I predicted this clearly, with loads of evidence, last spring. I even tipped the SEC/UK authorities. Tthe chickens come home to roost. Let it be known, Wall Street's margin IS my business model!!!
Forensic Asia, a Hong-Kong-based reserch firm issued a "sell" recommendation on HSBC on the basis of "questionable assets" on its balance sheet. As The Telegraph reports the analysts involved actually worked at HSBC for 15 years and suggest the ginat bank could have overstated its assets by more than £50bn and ultimately need a capital injection of close to £70bn before the end of this decade. "HSBC has not made the necessary adjustments, during the quantitative easing reprieve...The result has been extreme earnings overstatement, causing HSBC to become one of the largest practitioners of capital forebearance globally... This charade appears to be ending."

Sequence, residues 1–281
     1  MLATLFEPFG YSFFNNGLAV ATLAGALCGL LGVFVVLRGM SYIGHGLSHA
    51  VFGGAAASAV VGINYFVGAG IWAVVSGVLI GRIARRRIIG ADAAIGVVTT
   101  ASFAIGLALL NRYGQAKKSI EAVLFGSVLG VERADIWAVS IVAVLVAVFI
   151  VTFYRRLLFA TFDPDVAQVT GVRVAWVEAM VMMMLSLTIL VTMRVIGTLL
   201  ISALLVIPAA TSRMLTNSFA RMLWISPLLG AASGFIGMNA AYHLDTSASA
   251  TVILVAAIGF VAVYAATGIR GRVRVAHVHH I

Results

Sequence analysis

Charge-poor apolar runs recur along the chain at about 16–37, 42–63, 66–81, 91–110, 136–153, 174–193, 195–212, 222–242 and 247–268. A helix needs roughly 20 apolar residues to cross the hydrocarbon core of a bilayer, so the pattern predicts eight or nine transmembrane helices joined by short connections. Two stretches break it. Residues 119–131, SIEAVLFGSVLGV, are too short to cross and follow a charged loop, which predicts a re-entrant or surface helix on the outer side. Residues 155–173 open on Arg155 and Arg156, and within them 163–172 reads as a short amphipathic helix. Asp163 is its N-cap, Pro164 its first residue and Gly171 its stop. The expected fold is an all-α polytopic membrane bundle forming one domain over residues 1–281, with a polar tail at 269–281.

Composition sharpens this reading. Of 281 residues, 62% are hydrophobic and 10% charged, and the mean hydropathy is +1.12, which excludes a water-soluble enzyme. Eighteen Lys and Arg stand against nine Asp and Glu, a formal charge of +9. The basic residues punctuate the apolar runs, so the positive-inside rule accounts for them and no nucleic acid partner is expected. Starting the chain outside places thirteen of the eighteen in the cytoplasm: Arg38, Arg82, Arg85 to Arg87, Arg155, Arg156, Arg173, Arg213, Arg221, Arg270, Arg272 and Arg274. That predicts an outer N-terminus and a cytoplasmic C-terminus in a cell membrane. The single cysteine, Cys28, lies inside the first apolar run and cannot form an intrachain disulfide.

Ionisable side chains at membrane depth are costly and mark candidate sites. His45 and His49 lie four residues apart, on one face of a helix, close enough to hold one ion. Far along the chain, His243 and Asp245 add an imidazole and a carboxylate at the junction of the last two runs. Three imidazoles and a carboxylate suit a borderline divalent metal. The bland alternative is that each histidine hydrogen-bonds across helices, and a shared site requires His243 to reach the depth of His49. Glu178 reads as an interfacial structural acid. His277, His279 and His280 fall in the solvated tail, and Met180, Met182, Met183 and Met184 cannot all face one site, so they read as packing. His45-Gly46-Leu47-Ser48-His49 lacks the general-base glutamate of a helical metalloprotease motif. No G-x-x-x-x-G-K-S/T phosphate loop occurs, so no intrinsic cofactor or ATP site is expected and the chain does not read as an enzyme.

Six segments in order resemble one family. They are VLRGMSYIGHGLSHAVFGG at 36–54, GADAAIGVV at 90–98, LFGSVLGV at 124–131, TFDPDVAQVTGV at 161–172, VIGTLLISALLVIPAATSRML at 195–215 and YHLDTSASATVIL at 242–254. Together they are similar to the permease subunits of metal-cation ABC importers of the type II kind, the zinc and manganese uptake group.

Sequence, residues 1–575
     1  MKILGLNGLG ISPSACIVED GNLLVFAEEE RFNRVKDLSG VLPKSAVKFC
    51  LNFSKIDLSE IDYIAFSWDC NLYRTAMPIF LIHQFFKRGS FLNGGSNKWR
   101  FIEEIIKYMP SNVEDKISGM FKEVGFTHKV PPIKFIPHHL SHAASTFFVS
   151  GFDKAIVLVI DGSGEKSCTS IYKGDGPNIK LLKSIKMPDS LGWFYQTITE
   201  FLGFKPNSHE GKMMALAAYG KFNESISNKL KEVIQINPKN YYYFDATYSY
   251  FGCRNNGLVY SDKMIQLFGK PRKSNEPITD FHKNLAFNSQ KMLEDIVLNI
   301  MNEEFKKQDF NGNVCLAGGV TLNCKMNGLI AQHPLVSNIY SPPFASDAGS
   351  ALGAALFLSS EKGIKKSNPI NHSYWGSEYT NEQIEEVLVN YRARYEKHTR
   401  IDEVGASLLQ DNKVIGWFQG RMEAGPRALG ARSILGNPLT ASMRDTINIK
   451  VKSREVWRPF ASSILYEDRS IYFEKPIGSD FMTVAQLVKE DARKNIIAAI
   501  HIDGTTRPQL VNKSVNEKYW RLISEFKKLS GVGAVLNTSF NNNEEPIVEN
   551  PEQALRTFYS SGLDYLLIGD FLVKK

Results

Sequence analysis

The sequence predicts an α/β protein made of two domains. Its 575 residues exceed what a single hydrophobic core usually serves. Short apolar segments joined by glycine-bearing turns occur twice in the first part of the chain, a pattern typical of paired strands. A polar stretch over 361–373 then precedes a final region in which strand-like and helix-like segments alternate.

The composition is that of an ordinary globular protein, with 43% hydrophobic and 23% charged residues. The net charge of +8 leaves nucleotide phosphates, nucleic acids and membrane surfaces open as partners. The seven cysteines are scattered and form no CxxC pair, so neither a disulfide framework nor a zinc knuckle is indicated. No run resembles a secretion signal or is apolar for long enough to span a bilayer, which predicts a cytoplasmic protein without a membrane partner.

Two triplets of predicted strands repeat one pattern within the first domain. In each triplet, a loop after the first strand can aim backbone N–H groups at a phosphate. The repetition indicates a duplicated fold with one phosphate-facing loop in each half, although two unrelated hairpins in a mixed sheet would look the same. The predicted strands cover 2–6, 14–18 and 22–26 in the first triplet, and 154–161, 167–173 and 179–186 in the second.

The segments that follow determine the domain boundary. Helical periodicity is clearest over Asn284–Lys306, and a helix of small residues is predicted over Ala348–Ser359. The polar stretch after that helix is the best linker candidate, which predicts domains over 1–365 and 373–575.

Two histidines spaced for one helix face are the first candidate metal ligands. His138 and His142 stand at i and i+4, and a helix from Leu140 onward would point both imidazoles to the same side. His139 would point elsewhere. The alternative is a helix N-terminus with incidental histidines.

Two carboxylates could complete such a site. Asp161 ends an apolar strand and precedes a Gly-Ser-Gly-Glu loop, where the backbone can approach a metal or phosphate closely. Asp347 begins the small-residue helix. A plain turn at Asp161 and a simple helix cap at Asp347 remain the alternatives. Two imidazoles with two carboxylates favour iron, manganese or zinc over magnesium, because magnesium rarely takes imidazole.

First the Volcker Rule was defanged when last night the requirement to offload TruPS CDOs was eliminated, and now here comes Europe where the ECB just lowered the capital requirement for its "stringent" bank stress test (the one where Bankia and Dexia won't pass with flying colors we assume) by 25%. From the wires:
- ECB SAID TO FAVOR 6% CAPITAL REQUIREMENT IN BANK STRESS TEST
- ECB SAYS DECISION ON CAPITAL REQUIREMENT NOT YET FORMALLY MADE
Why is this notable? Recall from three short months ago: "the ECB confirmed that it will require lenders to have a capital ratio of 8 percent."
The ongoing debacle of Italy's Banca Monte dei Paschi (BMPS) took a turn for the worst today. The bank's largest shareholders (MPS Foundation) approved (read - forced through) a delay in a EUR 3 billion capital raise, which the bank needs to avoid nationalization, until May. The delay (which will cost the bank EUR 120 million in interest) allows MPS more time to liquidate their 33.5% holding before their stake is massively diluted. Management is 'considering' resignation and is "very annoyed," but the city Mayor is going Nationalist with his delay-supporting comments that "we cannot let the third biggest bank in this country fall prey to foreign interests." So Europe is recovering but they can't even raise a day's worth of POMO to save the oldest bank in the world?
A look ahead into 2014.
Key events in the week ahead with implications for early 2014.